The early musical output of popular artists is the stuff of semi-legend and fan obsession — Aretha Franklin’s Columbia recordings, Little Richard the blues singer, Madonna’s New York demos, and … Cyndi Lauper, retro chick?
BLUE ANGEL GETS ITS WINGS
Formed in 1977, Blue Angel featured John Turi on keyboards and saxophone, Arthur Neilson on guitar, Lee Brovitz on bass guitar, Johnny Morelli on drums and a certain Cynthia Ann Lauper throwing down major lead vocals. Bringing a full-on retro-rockabilly/girl-group vibe, Blue Angel were wrapped in a rapturous love for well-crafted early ’60s pop and rock. Groups with a similar aesthetic, such as some early B-52′s, also come to mind. Blue Angel, however, were much more easily appreciated than many other groups of their kind — making it all the more baffling that they were not nearly as successful as their counterparts. Where were the pop, new wave, and rock fans of the time who were screaming for something new and fresh?
Cyndi and bandmate John Turi wrote much of the group’s material. True to their roots, they also covered pop standards both on record and during their local New York club concerts. Cyndi and company would regularly deliver raw, rocking renditions of Elvis Presley’s “Hound Dog,” Little Richard’s “Keep On Knocking,” and the Connie Francis confection “Lipstick on Your Collar.” It was a testament to their emerging talent that they could equal and sometimes surpass the fun of the originals. They were wildly popular in the clubs, where they even had one of their local concerts broadcast on the radio. It was looking like nothing but blue skies for Blue Angel.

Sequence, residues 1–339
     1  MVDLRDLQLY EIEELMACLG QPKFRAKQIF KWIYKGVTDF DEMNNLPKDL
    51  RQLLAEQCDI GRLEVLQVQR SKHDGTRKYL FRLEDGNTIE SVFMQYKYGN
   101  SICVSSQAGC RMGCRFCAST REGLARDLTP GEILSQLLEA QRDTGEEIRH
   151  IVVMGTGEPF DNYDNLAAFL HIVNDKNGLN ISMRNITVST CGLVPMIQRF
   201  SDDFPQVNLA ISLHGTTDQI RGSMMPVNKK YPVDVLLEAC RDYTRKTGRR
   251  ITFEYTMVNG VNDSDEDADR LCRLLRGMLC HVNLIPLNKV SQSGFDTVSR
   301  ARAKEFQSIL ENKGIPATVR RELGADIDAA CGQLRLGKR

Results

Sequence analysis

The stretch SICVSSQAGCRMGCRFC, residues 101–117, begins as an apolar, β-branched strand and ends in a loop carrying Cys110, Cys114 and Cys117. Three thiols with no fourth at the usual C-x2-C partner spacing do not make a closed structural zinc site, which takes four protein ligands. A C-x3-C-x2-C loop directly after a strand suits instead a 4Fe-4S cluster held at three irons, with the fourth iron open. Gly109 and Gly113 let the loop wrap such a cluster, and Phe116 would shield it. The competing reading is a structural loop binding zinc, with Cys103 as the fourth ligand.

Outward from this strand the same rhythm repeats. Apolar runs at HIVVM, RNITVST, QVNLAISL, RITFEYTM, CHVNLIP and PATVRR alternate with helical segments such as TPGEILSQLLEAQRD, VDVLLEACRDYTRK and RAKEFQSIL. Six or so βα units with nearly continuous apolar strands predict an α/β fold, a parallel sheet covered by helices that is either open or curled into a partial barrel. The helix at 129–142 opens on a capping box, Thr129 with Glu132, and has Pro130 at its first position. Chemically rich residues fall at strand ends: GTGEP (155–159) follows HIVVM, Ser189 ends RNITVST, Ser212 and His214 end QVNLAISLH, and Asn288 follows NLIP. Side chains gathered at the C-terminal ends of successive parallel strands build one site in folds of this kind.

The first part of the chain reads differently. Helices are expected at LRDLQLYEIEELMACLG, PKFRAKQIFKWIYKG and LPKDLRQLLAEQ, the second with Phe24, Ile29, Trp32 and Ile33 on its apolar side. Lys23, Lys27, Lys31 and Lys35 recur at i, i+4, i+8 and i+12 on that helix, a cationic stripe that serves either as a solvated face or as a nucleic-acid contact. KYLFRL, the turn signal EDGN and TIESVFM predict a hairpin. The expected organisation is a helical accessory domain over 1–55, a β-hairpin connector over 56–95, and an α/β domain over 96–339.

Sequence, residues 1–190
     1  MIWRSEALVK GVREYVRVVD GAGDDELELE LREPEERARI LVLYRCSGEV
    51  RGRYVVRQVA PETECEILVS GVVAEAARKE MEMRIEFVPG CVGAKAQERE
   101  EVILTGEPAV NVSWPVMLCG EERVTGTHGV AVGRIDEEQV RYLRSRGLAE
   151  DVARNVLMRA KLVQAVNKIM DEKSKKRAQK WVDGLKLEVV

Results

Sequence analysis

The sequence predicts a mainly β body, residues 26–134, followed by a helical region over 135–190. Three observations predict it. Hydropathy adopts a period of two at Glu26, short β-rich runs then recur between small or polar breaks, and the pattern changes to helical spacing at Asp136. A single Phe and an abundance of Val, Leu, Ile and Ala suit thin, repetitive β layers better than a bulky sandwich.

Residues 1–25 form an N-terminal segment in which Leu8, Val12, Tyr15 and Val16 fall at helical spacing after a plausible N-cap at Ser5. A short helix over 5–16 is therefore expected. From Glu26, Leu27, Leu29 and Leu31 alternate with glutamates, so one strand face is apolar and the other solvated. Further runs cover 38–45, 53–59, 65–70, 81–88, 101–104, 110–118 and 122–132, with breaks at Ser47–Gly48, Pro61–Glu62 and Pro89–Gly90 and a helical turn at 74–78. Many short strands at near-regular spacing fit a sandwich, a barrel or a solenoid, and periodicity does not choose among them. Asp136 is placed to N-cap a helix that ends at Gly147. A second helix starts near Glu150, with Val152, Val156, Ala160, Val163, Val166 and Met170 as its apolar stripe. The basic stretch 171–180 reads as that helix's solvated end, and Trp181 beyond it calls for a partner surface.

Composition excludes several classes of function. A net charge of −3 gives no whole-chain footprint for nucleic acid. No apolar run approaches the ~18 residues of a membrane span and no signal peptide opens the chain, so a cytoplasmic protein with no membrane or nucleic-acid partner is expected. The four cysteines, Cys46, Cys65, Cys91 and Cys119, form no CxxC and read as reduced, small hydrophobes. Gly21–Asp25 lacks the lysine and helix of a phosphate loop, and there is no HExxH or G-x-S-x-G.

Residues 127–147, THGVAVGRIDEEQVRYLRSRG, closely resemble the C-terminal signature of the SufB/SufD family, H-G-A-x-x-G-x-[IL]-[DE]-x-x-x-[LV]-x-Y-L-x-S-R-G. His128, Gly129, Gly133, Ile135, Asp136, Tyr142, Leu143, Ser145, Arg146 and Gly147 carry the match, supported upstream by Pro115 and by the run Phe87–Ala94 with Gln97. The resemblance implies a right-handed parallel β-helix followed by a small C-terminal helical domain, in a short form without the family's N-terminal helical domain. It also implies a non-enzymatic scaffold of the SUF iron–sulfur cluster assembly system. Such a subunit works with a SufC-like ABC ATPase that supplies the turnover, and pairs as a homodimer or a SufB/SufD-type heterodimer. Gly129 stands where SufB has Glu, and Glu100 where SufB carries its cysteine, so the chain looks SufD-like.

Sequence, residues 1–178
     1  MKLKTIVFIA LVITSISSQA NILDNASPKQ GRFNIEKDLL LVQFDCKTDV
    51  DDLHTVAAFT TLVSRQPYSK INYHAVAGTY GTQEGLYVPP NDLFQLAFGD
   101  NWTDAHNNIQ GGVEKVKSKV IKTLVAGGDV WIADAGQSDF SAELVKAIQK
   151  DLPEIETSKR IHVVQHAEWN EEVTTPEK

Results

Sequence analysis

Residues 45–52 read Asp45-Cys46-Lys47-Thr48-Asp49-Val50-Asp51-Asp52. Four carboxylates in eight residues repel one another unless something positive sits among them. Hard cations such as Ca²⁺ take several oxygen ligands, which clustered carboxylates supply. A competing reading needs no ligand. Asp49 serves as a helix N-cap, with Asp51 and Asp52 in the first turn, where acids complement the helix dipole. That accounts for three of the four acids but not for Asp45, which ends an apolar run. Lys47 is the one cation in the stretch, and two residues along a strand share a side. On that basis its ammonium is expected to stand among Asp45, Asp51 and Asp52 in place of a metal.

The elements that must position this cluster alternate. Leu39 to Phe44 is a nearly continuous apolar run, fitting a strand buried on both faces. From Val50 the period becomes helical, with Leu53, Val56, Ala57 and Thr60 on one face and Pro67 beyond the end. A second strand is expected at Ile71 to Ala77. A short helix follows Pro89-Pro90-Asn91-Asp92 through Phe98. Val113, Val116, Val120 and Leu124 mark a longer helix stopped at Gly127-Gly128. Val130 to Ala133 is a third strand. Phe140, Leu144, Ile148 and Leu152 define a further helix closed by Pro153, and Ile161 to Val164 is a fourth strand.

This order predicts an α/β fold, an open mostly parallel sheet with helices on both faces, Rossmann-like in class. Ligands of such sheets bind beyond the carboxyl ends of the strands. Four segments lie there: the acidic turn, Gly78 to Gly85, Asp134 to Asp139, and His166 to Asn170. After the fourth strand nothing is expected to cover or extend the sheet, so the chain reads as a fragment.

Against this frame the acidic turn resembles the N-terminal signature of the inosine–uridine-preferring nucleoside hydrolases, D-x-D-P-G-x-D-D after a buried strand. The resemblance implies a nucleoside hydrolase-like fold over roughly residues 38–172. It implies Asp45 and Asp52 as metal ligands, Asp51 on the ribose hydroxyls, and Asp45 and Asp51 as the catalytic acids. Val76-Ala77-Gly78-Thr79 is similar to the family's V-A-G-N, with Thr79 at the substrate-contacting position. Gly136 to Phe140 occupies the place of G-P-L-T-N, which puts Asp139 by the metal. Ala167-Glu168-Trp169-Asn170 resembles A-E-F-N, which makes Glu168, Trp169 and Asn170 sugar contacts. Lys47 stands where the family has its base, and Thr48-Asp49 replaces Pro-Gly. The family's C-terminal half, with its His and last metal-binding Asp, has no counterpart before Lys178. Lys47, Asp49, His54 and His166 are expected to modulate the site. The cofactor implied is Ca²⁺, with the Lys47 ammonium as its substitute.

BLUE ANGEL TAKES FLIGHT
In 1980, Blue Angel went the major-label route with their self-titled debut for Polydor.
Consisting of many of their well-honed live tracks, the album was neato keen with a retro sheen. From the kickoff, the band is jumping and jiving in fine form while Cyndi announces herself as a new vocal force to be reckoned with. Their deep-rooted love for Brill Building brilliance is at the forefront of every cut. The pep rally has clearly begun, full of soda-pop fizz and bubblegum dreams with the hot pink Ms. Lauper as the head cheerleader doing vocal cartwheels. Knowing this was their big shot, the band pays homage to the organ-guitar-drums- and-bass-driven songs that they grew up loving. A right-on rhythm section is punctuated by John Turi doubling on sax just in the nick of time. Wailing above it all is Blue Angel’s resident rafter shaker.
“Maybe He’ll Know”
The album begins in killer form with what is arguably the group’s best-known song. Cyndi’s got an ache engraved in her like stone, blissfully pining for the love she’s almost certain will set her free and give her what she needs. The rest of the band races to keep up with her increasingly frenzied plea.
“Maybe He’ll Know” should have had the easiest time making them mainstream mainstays — but it didn’t. However, it continued to prove so popular among fans that it was overhauled and re-recorded for Cyndi’s 1986 solo album True Colors. It was also later included in the early-’80s-themed film 200 Cigarettes.
“I Had a Love” (download)